If “This is Spinal Tap” were true, it might be a very sad movie. Considering that, “Anvil! The Story of Anvil,” must be a ballad.
Anvil is an early ‘80s hair metal band that is so obscure that this documentary is now a pivotal part in their history. Although they toured with Bon Jovi, Twisted Sister, Poison and other up-and-coming metal acts and inspired many more, they were one of the few bands who failed to hit the stage of super stardom.
Now their lead singer, Steve “Lips” Kudlow” and drummer Robb Reiner are 50 and still together after 30 years and 12 albums (they’ve hit 14 since). They refuse to quit, and this rockumentary commissioned by VH1 and made by Sacha Gervasi, a former Anvil roadie, documents one disastrous tour and the production of their album “This is Thirteen.”
Consider just how pitiful their career as musicians is 30 years after their prime. Anvil is booked on a European tour in tiny bars across the continent, losing their way to the club, not getting paid by the owner and playing to sometimes as few as a dozen people, one caught sitting in a plush arm chair and headbanging in comfort.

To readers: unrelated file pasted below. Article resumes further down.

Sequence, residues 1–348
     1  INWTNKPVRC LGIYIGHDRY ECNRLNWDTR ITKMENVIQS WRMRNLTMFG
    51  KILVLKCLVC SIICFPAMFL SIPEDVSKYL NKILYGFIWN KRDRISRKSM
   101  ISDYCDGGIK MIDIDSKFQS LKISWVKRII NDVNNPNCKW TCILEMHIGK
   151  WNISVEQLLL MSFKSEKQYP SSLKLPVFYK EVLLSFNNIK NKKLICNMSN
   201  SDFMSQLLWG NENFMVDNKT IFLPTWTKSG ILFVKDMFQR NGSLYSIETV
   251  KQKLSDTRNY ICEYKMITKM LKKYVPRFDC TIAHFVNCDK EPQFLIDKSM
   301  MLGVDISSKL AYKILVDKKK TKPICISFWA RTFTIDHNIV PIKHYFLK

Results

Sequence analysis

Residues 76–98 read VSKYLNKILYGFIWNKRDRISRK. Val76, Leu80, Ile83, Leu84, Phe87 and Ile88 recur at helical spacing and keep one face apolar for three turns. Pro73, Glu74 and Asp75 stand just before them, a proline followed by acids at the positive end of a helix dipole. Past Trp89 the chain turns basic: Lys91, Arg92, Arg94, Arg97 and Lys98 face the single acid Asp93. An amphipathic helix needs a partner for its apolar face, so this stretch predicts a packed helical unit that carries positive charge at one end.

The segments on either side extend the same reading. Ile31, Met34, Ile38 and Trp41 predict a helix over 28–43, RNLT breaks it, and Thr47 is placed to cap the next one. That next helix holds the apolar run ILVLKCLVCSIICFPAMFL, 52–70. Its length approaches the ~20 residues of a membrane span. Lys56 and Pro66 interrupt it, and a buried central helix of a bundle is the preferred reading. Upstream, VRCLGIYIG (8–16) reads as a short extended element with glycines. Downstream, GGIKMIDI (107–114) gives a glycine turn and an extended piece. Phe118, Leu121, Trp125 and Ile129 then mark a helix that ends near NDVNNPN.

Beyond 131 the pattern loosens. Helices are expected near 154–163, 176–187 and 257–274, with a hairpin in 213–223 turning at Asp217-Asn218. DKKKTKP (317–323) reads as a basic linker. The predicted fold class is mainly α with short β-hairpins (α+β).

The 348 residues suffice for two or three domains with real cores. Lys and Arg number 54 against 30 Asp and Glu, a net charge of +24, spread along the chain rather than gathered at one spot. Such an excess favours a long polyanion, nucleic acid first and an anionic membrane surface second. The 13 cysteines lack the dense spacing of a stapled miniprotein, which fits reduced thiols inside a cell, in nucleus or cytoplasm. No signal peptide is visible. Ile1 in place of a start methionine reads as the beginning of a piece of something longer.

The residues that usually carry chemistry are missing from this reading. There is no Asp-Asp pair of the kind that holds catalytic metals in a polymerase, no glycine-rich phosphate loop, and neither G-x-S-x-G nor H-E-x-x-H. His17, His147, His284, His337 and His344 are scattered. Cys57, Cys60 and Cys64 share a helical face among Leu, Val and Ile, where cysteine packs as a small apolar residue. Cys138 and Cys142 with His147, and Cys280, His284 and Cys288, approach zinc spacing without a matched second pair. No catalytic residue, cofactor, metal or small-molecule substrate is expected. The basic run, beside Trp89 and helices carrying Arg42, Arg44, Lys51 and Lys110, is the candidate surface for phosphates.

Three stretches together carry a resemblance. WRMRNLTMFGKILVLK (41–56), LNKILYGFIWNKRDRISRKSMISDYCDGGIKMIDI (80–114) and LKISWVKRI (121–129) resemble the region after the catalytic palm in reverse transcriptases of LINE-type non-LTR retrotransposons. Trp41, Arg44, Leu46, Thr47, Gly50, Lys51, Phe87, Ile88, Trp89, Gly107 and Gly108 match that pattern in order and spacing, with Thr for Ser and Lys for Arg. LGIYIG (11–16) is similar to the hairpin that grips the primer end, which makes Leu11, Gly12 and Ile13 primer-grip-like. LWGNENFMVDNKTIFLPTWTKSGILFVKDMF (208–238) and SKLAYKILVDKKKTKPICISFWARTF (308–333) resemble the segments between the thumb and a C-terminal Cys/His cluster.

If the movie didn’t make fun of them a little bit, this could be tough to watch. But Gervasi has some fun with the Spinal Tap comparisons. While at a festival, Lips spends the day glad-handing more famous rock stars backstage as though they should remember him. Then he realizes that the traffic of people leaving the festival sold out the train, leaving them stranded.
Gervasi even puts Reiner and Lips in a dingy diner together and asks them to reminisce about one of their first songs they wrote together. The two of them start singing and humming the tune in perfect harmony, so in sync with one another. It’s a beautiful moment. The song however is called Thumb Hang, named for the Spanish Inquisition torture technique.
The key thing to take away from “Anvil” however is that these are nice guys trying really hard. Yes they wore bondage outfits and played guitar with dildos once, but the way an AllMusic review described their sound was not innovatively aggressive but just overwhelmingly excited. Lips and Reiner are trying so hard to keep this dream alive, and it is a bit crushing to see them have to take telemarketing jobs to support it. In a way, this isn’t a rockumentary but a coming-of-age story 30 years in the making.